Ethanolamines are used in dog shampoo as emulsifiers which help keep the product ingredients mixed up. They are also used to bind artificial fragrance to the rest of the ingredients, and help to adjust the pH.
When ethanolamines are used in the same product as certain preservatives that break down into nitrogen, they can form nitrosamines which are absorbed through the skin. Nitrosamines are known carcinogens.
Canada and the European Commission prohibits diethanolamine (DEA) in cosmetics due to the risk of the formation of nitrosamines.
If you think ethanolamines aren't a big deal, think again. We have found many top selling dog shampoos on the market with the perfect combination of ingredients and pH to allow nitrosamines to form.
With no regulations to stop them, these manufacturers have no requirements to develop truly safe and non-toxic products. Compelling marketing materials tout these products as being environmentally friendly, natural, and safe - tricking consumers into purchasing their products.
The few organic ingredients in their formulation are surrounded by ethanolamines that pose significant risks to dogs and their humans. The only safeguard you have is to boycott these ingredients.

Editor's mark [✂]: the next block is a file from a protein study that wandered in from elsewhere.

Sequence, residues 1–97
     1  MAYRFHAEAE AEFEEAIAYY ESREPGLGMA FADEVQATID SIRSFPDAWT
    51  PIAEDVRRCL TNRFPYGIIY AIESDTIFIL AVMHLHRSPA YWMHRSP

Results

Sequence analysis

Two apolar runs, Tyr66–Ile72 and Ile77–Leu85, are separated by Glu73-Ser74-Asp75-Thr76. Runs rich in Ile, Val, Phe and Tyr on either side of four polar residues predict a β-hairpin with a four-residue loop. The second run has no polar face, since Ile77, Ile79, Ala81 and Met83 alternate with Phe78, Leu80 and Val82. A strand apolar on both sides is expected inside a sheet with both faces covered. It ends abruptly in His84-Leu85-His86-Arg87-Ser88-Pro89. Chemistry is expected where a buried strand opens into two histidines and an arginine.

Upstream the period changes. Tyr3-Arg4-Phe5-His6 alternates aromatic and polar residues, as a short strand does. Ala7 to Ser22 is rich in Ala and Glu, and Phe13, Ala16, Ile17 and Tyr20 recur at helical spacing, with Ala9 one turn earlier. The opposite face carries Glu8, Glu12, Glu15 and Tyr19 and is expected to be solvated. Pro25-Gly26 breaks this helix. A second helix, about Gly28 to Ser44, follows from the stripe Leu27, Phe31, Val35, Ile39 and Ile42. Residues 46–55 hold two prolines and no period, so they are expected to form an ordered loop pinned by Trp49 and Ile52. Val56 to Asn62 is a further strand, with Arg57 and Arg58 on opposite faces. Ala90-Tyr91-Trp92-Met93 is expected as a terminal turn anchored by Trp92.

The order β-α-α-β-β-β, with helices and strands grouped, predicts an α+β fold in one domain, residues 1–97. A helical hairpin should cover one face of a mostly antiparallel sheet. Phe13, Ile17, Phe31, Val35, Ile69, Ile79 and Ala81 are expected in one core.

While we haven't listed all of them, these are the most commonly used in dog shampoo.
Do you see any of the following ingredients listed?
- Monoethanolamine (MEA)
- Diethanolamine (DEA)
- Triethanolamine (TEA)
- Cocomide MEA
- Cocamide DEA
- DEA-Cetyl Phosphate
- DEA Oleth-3 Phosphate
- Lauramide DEA
- Linoleamide MEA
- Myristamide DEA
- Oleamide DEA
- Stearamide MEA
- TEA-Lauryl Sulfate
If any of the above ingredients are listed, you want to stay away from that dog shampoo.
Don't see any of these ingredients? Great - click the button to continue!I don't see any of the common ethanolamines!